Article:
How to apply paint to fire and smoke damage

Written by ryan lawrence
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How to apply paint to fire and smoke damage
(Ablestock.com/AbleStock.com/Getty Images)

Many amateur do-it-yourselfers struggle to cover smoke damage no matter how many coats of paint they apply. No type of paint is capable of blocking smoke damage. Even most heavy-duty primers fail to permanently seal smoke stains. If you want to apply paint to fire and smoke damage, seal the surface with a special type of stain-blocking primer before application. This oil-based primer is capable of permanently sealing smoke damage and is formulated for compatibility with water-based latex topcoats.

Skill level:
Moderate

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Things you need

  • Professional painter's tape
  • Heavy-duty fabric dust sheets
  • Kilz oil-based stain-blocking primer
  • Roller frame
  • 2 nap roller covers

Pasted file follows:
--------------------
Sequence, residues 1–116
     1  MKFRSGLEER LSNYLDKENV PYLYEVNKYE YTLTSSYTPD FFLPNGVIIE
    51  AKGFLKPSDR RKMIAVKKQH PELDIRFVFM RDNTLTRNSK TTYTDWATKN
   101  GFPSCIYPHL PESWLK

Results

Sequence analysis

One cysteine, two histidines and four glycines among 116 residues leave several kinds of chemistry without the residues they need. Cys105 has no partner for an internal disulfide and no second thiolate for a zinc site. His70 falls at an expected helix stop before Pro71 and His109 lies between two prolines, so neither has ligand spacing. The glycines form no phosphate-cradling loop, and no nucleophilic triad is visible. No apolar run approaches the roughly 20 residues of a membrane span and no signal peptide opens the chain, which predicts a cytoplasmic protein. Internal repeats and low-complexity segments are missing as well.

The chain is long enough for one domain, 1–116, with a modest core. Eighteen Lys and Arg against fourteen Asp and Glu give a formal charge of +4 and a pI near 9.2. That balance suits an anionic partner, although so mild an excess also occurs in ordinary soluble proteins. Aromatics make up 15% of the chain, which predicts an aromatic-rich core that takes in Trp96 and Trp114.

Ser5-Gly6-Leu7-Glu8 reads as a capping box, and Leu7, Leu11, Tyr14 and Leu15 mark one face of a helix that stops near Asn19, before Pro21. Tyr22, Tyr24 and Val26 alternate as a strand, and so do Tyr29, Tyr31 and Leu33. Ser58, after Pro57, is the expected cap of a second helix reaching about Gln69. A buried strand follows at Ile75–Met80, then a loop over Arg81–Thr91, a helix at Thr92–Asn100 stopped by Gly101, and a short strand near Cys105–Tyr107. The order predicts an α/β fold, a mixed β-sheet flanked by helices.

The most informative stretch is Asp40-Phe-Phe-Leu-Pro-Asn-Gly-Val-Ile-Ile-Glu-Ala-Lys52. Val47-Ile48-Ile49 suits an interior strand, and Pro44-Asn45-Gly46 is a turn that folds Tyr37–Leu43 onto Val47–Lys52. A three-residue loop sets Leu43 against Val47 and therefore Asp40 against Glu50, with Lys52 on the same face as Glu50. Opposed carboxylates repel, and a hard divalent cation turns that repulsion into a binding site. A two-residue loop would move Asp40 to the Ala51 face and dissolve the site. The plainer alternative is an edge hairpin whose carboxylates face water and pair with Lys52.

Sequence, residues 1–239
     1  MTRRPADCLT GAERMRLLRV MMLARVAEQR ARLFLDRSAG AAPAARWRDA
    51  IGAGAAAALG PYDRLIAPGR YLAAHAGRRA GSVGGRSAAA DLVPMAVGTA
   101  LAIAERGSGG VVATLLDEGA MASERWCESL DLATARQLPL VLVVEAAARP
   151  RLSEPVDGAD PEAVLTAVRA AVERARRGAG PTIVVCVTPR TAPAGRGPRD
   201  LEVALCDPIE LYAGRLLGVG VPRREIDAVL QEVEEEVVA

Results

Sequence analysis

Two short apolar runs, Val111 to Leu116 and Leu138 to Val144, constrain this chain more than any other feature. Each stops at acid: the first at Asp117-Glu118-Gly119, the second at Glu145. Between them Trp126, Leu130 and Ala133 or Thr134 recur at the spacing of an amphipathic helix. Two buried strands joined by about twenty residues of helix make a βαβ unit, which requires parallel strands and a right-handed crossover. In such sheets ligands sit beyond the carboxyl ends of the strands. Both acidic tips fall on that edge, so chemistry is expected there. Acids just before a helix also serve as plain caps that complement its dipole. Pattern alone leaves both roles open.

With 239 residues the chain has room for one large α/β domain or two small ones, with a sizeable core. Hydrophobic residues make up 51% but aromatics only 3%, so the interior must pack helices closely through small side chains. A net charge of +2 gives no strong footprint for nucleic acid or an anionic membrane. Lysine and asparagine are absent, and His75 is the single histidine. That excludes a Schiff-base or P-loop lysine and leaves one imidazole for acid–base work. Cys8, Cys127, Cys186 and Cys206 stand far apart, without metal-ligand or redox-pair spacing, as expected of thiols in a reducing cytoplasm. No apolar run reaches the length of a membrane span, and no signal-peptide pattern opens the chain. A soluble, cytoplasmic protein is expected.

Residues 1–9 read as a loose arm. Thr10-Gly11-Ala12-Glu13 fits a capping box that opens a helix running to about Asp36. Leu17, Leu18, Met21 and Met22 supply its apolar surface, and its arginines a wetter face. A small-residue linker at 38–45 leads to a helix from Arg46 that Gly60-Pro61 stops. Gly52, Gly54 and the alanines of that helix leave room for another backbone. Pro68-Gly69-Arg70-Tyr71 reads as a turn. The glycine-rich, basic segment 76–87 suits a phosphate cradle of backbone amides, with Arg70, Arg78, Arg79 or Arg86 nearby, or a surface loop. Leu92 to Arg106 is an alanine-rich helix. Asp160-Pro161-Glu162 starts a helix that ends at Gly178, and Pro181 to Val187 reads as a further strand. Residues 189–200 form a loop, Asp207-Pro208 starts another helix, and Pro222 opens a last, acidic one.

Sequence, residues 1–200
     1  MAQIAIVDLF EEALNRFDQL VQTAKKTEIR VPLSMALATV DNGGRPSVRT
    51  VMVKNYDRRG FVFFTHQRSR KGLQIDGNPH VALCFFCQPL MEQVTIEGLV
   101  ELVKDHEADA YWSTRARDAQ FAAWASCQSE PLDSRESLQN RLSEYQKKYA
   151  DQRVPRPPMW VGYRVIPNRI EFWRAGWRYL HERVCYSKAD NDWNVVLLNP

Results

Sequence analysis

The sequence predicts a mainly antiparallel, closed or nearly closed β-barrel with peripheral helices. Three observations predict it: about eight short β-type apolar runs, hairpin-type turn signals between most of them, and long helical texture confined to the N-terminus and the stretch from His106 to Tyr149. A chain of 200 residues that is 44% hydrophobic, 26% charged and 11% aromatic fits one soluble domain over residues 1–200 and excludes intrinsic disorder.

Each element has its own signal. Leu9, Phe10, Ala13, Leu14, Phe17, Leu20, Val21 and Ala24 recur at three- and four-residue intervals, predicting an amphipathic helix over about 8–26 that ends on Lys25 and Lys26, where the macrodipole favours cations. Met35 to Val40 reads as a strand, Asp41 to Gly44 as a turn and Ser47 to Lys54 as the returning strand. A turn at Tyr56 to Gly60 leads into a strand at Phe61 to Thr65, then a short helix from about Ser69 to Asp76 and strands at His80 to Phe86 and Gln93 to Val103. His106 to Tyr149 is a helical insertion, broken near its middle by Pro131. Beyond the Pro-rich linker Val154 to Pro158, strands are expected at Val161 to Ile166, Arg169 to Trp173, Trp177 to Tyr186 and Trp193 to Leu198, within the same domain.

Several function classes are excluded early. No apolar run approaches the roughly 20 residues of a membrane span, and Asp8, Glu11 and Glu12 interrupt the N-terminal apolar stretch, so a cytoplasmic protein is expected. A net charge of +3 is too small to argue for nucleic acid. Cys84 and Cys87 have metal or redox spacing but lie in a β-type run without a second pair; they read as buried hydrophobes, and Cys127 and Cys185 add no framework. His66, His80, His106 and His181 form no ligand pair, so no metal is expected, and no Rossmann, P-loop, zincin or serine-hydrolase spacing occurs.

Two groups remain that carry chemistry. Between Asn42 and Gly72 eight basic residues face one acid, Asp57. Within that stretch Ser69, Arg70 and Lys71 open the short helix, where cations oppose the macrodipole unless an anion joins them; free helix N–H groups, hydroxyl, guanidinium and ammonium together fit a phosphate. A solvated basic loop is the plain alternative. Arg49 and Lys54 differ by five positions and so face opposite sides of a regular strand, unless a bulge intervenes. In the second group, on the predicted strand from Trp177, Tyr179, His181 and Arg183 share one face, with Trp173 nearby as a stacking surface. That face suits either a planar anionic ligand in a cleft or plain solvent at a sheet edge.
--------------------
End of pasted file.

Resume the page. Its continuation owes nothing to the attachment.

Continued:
• Roller extension pole
  • 2- to 4-inch oil-based paintbrush
  • Latex paint
  • 2- to 4-inch latex paintbrush

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Instructions

  1. 1

    Cover all areas you do not want painted with painter's tape. Protect flooring with fabric dust sheets.

  2. 2

    Apply Kilz oil-based primer to the smoke damage, using a roller frame and nap cover. Apply Kilz to areas inaccessible to the roller with a paintbrush manufactured for use with oil-based coatings. Wait four hours for the primed areas to dry.

  3. 3

    Wash Kilz from the painting tools with white spirit.

  4. 4

    Apply latex paint to the primed areas, using the clean roller, equipped with a new nap cover. Apply paint to areas inaccessible to the roller, using a paintbrush manufactured for use with water-based coatings. Wait two hours for the primed areas to dry. Add another coat if you have poor coverage.

  5. 5

    Wash paint from the painting tools with plain tap water.

Tips and warnings

  • Kilz oil-based stain blocking primer is formulated for compatibility with water-based latex topcoats. If you choose a different brand of stain-blocking primer, read the label to ensure it possesses this quality.
  • Never apply paint directly over smoke damage, or the stain will bleed through.
  • Do not use a standard acrylic latex or oil-based primer to cover smoke damage, or the stain will bleed through.

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